Nottinghamshire Police and Crime Commissioner Paddy Tipping has today written a second letter to the Home Secretary supporting a change in legislation after police dog Quantum received stab wounds on duty in the city.
The PCC wrote to Amber Rudd last month calling for ministers to get behind public calls for Finn’s Law which offers service animals including police dogs and horses’ greater protection if attacked or killed in the line of duty.
The Service Animals (Offences) Bill aims to broaden sentencing powers in situations where a service animal is injured as a result of crime and is currently making its way through Parliament, attracting widespread public and cross-party support.
Mr Tipping felt compelled to write to the Government for a second time to reiterate the necessity of a new law after Nottinghamshire PD Quantum was injured last week while apprehending suspects during an incident in which three police officers were also injured.
Quantum received several stab wounds and required nine stitches by a vet. He is now recovering well at home although it will be some time before he is ready to return to duty.
The police officers were treated for their injuries but have since been released from hospital.
A number of criminal charges have been brought following the incident including one of animal cruelty. Currently, this is the only legal means of recognising an attack on a police dog.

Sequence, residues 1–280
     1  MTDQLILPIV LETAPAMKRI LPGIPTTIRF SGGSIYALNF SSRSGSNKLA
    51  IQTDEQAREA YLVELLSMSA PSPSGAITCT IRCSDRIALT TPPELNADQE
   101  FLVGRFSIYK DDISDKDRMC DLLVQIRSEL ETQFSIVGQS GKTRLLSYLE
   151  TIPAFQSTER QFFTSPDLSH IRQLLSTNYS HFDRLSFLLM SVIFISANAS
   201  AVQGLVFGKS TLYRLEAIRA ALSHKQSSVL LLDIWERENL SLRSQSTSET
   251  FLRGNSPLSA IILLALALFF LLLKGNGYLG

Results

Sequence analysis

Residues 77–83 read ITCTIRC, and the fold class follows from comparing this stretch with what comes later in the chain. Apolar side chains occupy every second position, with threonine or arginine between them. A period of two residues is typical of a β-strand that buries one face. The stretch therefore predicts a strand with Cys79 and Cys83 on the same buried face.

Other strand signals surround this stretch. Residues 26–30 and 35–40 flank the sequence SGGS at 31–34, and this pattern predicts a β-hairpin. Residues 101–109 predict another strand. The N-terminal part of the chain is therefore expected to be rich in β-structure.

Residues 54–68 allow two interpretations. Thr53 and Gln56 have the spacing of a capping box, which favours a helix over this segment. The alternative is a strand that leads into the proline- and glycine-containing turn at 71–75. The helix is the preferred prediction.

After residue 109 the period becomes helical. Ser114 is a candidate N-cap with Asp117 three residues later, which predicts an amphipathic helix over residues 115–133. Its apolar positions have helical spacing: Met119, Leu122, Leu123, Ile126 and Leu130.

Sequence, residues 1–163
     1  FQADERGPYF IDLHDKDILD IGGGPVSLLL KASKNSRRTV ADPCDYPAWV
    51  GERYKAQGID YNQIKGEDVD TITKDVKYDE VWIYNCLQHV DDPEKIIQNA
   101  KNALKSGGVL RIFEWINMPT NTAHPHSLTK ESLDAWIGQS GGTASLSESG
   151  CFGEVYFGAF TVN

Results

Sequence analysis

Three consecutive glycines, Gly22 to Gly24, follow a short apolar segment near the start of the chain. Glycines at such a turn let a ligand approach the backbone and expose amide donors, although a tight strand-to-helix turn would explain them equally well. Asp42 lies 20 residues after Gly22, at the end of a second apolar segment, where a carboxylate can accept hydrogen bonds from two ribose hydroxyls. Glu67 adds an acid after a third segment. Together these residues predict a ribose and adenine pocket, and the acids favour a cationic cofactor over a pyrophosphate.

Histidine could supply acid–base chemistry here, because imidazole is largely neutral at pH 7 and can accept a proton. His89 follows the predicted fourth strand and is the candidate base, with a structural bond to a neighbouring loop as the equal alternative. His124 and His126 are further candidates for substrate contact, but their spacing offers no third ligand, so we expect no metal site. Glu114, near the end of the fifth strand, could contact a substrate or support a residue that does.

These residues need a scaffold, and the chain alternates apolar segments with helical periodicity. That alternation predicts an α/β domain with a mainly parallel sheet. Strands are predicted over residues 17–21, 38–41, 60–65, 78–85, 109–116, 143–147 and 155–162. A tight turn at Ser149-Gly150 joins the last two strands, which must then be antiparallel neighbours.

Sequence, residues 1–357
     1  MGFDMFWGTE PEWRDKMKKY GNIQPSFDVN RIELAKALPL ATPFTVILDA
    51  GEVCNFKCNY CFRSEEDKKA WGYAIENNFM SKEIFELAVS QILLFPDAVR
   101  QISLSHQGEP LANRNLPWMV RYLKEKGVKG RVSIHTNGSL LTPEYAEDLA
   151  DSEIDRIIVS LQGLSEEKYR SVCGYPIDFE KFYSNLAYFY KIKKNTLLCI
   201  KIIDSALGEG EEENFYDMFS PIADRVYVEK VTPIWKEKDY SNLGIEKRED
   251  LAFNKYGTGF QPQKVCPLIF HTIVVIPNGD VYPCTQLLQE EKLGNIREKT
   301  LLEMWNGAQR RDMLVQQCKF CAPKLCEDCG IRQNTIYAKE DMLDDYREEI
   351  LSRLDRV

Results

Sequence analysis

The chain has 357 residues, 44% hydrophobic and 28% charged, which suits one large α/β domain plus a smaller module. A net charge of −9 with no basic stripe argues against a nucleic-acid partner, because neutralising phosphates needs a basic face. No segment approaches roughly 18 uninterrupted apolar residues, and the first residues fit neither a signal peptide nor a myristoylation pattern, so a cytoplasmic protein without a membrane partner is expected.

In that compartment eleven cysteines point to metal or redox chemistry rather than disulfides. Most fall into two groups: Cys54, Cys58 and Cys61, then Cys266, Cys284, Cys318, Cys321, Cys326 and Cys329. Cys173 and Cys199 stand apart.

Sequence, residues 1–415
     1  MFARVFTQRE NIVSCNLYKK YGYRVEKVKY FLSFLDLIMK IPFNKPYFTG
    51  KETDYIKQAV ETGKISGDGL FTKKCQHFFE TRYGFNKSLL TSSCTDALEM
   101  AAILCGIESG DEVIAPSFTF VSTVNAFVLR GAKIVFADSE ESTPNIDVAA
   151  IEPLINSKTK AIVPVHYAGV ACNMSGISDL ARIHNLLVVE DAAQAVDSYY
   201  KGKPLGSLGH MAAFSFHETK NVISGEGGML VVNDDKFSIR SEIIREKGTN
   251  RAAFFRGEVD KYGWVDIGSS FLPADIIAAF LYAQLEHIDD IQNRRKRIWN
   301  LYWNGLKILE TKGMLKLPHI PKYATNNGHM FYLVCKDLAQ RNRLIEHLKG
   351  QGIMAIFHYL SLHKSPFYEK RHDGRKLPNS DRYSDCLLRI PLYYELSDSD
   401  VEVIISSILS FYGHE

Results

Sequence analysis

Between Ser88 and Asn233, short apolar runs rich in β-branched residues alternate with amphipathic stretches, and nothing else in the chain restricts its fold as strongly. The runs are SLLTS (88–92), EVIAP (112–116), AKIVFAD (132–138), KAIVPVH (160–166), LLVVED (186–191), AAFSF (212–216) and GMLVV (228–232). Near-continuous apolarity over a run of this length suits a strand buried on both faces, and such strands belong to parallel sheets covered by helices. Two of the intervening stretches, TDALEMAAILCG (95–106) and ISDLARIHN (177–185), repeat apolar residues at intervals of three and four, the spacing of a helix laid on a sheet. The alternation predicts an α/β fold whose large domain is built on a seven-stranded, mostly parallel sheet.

In his letter, Mr Tipping said: “Our police dogs are highly trained crime-fighters, poised to confront danger and risk-ridden situations in much the same way as our police officers. They protect their handlers from the ever-present threat of violence in their work and ensure dangerous people are prevented from inflicting harm on others.
“Nottinghamshire now has one less police dog on its streets protecting the public while a tight-knit police team has one less member to disrupt criminal activity.
“We ask a lot from our police dogs and we should give them respect and protection in return.”
In his letter, Mr Tipping explained Quantum was a relatively young police dog but had shown impressive skills throughout his training and his handlers had high hopes for his future police work.
Regrettably, the PCC said there would now be a waiting game to see whether his injuries have had any lasting impact on his temperament leading him to become more aggressive or intimidated in the future. In any case, he will require specialist training before returning to active duty in much the same way that an injured police officer would.
“There must be a change in the law to offer greater protection to our police dogs and to recognise the exceptional contribution they make to community safety,” he went on.
“We couldn’t do it without them. Let’s validate their efforts and their value with this new legislation.”
The campaign for ‘Finn’s Law’ was launched in the wake of the stabbing of a police dog named Finn in Hertfordshire last year who was chasing a suspect. His handler was also injured during the incident.
It has gained widespread public support, with more than 120,000 people signing a petition to give status to police dogs and horses as ‘police officers’.
There are no current laws that specifically protect police dogs or horses. The Animal Welfare Act 2006 makes it an offence to cause any animal unnecessary suffering while the Criminal Damage Act 1971 classes animals as property capable of being ‘damaged and destroyed”.
However, campaigners say police dogs and other service animals shouldn’t be regarded as “objects” or “property” and call for a new law which recognises their individual contribution to public safety.